Sergio Martinez Returns, Stops Fandino to the Body
By Caryn A. Tate on August 21, 2020
Martinez looked in excellent shape, better than he looked for his last fight six years ago.
Sergio "Maravilla" Martinez (52-3-2, 29 KOs) made his return to the ring after six years of inactivity tonight. The 45-year-old former junior middleweight and middleweight world champion, longtime king of 160, and top pound-for-pound elite fighter faced Jose Miguel Fandino (15-7, 8 KOs) in a 10-rounder. The event took place in Torrelavega, Cantabria, Spain, and there were some fans in the stands for the main event despite the global pandemic.
Martinez looked in excellent shape, better than he looked for his last fight six years ago when he faced Miguel Cotto and lost. He wore his signature red and black trunks and robe.
Maravilla wore a brace on his right knee, but when the action started, he didn't appear to favor either leg. In fact he was athletic and lighter on his feet than expected. He was slower than he once was, of course, but he often showed flashes of his old self. As the rounds went on, he got more comfortable and looked even sharper. His counter to Fandino's jab, over the top of it, was a thing of beauty, and something he used to do a lot. Surprisingly, Martinez's reflexes were quite good overall. Now and then he got caught with something he may not have ten years ago, but by and large his defensive awareness, head movement, and reaction time were very good.
Fandino fought tentatively for the first several rounds, only throwing here and there and appearing to be looking for one lucky shot.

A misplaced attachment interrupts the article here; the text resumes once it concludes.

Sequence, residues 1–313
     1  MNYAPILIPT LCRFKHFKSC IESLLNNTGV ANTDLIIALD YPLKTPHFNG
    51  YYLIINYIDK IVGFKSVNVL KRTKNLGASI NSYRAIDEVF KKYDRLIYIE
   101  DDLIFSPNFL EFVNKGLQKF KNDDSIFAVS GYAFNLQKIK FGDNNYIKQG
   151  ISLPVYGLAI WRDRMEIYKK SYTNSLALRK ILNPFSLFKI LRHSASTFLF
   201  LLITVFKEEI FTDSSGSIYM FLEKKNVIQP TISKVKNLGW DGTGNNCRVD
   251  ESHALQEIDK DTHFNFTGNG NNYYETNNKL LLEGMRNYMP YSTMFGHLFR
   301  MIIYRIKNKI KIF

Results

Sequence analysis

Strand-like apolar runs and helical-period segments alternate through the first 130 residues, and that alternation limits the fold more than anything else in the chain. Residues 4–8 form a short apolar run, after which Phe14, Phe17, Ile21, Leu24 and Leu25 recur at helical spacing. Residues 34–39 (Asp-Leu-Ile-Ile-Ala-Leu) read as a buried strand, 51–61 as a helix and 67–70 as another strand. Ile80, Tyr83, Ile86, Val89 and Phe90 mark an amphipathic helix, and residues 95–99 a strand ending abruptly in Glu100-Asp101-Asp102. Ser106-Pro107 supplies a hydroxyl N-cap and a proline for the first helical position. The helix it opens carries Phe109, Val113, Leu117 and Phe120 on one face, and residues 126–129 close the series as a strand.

Martinez threw many straight lefts downstairs from the get go. When Fandino did let his right go, which seemed to be mostly what he was looking for, Martinez did a good job blocking it with his left glove.
Martinez was dropping his hands in the early rounds in his customary stance. At 45, he is still very good at lying to his opponent about the range—something he was brilliant at during his heyday. Fandino was clearly thrown by the range question throughout the fight.
At one point in round three, Martinez caught Fandino with a nice right hook to the ear that hurt him. Later, Martinez threw two lead lefts in a row to make Fandino look for that punch, then he came back with the money shot again.
As the rounds progressed, they were all Martinez. He was gradually chopping Fandino down.
In the fifth, Fandino did a bit better though still lost the round. I began to suspect he was planning on coming on stronger in the mid to late rounds to try to take the older man late.
In the sixth round, Martinez visibly hurt Fandino to the body. He put Fandino on the ropes and unleashed a barrage to his body on the inside, and Fandino fell to the canvas. He made the count, and despite a good effort, Martinez wasn't able to finish him before the end of the round, though at the end of it Fandino was hunched over thanks to all the body blows.
Seven was more of the same. Fandino's body language showed he was hurt badly downstairs, and Martinez went after him. A straight left to the body dropped Fandino heavily. The referee began counting but waved it off after Fandino struggled to rise.
If an older fighter thinks about returning to the ring, this sort of performance is basically how he would want it to go. Martinez was a little slower than he once was, but against a lower-tier opponent like Fandino (who still has a decent record, by the way), he still occasionally looked like "Maravilla."
In the supporting bout, Sergio Garcia (32-0, 13 KOs) faced Pablo Mendoza (9-5, 9 KOs) in a 10-round super welterweight contest. The first few rounds were competitive, with Garcia just edging out a couple of the rounds most likely.
Earlier in the night former super bantamweight world champion Kiko Martinez (41-9-2, 28 KOs) fought Noe Martinez Raygoza (23-11-2, 10 KOs) in an eight-rounder. The busier and more experienced Kiko wore down Raygoza until the latter's corner called it in round three.